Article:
by Upstate NY
Sun Mar 15th, 2015 at 03:03:23 AM EST
Greece: Phase Two | Costas Lapavitsas | Jacobin
Schäuble is on record, or at least Greek ministers are on record, stating that Schäuble offered an aided exit to the Greeks already back in 2011. I can see, from the perspective of the German power structure, why they might be tempted by this idea, and I can see it as an objective worth fighting for by a Greek left government, for obvious reasons.
Whether there are divisions within the German establishment on it, I don't really know, because I don't understand the details of the German political debate. But the argument can be so compelling at the general level that I can be reasonably optimistic.
If the Greek side fought for it, and indicated that they wished to accept it, I think that a compromise could be reached that would be in the interests of Greek working people as well, not just the Greek elite, because you would avoid the difficulties of the contested exit.
That is definitely worth fighting for. And I would argue that this is what the Syriza government should be gearing itself for in the coming period. But, I repeat, if that proves impossible, even contested exit is better than a continuation of the current program.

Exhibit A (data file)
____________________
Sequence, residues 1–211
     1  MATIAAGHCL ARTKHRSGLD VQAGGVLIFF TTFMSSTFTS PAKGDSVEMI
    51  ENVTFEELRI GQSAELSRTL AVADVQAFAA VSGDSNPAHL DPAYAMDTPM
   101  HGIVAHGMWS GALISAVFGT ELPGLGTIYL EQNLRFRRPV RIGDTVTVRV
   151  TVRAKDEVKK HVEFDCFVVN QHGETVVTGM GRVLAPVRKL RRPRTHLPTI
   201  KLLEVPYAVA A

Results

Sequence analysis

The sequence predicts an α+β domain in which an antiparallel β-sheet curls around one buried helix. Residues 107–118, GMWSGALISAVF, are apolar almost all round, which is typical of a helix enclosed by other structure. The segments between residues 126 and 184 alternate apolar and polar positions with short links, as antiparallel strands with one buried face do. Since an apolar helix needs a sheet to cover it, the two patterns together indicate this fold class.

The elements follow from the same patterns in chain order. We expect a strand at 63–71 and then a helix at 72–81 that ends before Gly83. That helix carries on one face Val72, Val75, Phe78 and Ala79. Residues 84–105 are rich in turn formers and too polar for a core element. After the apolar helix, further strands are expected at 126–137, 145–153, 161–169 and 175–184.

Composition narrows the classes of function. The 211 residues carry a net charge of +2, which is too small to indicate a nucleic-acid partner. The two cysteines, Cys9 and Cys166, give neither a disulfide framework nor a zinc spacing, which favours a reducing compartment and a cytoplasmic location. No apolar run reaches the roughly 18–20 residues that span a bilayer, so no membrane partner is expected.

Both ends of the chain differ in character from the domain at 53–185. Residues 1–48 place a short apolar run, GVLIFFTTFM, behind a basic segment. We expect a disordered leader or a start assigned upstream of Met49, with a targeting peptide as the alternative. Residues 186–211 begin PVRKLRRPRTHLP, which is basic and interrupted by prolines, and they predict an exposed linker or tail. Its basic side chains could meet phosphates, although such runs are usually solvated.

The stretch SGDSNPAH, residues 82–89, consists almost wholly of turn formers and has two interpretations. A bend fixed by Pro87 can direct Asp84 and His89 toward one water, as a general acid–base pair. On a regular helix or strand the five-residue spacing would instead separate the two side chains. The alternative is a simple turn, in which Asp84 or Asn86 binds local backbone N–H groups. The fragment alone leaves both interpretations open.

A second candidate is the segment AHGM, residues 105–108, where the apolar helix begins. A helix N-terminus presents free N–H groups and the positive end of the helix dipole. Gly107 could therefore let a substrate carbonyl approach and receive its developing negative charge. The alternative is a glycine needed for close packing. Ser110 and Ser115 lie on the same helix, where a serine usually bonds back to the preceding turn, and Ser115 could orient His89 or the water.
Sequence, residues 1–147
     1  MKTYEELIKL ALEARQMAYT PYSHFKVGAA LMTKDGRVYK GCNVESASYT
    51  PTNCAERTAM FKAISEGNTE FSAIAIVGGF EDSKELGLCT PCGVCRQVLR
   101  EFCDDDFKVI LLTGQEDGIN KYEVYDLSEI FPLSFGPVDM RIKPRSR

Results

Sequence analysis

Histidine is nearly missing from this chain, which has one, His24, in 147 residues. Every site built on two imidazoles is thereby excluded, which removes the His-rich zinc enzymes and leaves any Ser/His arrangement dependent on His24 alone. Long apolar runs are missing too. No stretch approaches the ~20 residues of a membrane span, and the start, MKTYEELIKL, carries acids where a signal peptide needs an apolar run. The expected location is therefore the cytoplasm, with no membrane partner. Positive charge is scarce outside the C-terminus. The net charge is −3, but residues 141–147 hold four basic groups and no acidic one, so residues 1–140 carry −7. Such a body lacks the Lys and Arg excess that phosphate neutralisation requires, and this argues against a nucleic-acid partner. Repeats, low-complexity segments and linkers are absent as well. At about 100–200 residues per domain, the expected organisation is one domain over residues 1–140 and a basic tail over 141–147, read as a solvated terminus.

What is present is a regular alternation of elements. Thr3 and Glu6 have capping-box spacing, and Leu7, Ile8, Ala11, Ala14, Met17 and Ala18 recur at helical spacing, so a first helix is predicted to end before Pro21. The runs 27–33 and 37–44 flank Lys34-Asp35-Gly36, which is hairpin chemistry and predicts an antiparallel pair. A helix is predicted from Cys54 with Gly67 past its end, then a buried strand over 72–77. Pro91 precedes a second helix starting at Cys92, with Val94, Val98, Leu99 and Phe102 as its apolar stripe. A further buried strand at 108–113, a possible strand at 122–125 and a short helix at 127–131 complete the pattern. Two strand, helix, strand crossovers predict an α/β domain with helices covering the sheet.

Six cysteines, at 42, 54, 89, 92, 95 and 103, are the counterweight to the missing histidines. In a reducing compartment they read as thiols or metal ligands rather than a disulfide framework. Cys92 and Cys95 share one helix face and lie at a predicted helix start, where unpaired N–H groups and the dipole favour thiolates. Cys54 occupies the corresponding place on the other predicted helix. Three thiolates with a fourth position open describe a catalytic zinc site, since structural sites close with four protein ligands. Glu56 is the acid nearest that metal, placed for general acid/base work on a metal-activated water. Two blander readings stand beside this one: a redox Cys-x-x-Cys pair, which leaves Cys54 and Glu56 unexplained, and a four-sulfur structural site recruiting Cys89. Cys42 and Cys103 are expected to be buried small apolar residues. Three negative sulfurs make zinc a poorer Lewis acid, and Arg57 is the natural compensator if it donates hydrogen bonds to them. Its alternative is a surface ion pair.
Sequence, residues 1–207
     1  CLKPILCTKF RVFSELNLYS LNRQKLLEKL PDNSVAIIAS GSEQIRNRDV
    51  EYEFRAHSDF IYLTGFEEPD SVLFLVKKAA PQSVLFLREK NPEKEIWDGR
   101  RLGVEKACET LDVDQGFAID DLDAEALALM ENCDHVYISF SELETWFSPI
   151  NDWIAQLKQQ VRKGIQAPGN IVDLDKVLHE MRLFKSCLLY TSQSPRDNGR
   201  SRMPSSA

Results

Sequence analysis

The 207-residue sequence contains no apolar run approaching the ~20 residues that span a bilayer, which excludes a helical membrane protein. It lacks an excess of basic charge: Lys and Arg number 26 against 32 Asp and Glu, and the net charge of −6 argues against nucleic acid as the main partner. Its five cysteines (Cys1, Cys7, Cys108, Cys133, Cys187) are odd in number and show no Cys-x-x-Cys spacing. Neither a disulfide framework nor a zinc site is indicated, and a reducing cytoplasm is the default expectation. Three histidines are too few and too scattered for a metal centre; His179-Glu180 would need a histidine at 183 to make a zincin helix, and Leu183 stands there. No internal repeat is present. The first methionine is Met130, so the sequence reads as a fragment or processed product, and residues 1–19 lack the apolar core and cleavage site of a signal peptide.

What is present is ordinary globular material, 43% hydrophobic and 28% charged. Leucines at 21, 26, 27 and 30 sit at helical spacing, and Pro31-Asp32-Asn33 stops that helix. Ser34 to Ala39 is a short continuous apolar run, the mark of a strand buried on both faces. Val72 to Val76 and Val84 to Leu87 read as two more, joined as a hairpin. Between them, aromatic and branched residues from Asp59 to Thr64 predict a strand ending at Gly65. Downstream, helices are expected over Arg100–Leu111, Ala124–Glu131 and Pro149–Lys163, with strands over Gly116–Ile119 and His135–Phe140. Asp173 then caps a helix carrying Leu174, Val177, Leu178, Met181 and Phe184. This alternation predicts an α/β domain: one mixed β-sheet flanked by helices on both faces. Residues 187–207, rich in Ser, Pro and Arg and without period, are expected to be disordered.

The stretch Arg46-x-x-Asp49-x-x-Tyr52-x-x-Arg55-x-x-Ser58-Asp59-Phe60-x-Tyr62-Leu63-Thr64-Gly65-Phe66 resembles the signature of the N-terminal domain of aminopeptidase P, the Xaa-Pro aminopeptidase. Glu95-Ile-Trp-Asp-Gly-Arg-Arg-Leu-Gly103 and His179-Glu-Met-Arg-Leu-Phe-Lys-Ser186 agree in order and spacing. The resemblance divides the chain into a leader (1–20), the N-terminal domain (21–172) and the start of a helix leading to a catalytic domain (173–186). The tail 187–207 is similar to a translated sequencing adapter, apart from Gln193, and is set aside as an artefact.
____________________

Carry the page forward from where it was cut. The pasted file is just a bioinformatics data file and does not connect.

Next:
While I accept his implied criticism of Varoufakis and Tsipras is likely right on target (bad strategy, personality clash with EU), this critique and reading of Syriza's strategy is based on the very idea that the EU is at all amenable to a soft Grexit.
promoted by afew
Sat Mar 14th, 2015 at 08:20:22 AM EST
In the last few weeks, I made excursions to two castles that have been in ruins since Ottoman times, both of them destroyed in somewhat inglorious fashion. So here is a light diary that is a bit of travelogue, a bit of history, and a bit of train blogging.
The partly rebuilt northern bastion and the remains of the exploded main tower of the castle of Nógrád, with the Börzsöny mountains in the background
Thu Mar 12th, 2015 at 01:39:46 PM EST
Ireland is among the states proposing that tobacco should be sold in plain packaging. Given the reaction from assorted industry pressure groups I can only assume that there is very good evidence that this is an effective way to reduce sales.
This is especially charming:
“We’re trying to advise countries around the world to hold off fully implementing a ban on packaging until the WTO case against Australia is settled. New Zealand has done that and other countries are also considering it and it would be good if Ireland also waited,” he added.
Admitting that the body he represented included a tobacco company as members, Mr Reinsch said the issue of plain packaging went beyond those firms who had most to lose from the its introduction.
“We believe trade rules should trump health and other policies and generally this is the kind of thing that makes people raise an eyebrow and find worrisome.”
Seriously, it's about IP rights in tobacco marketing.
Thu Mar 12th, 2015 at 02:56:50 AM EST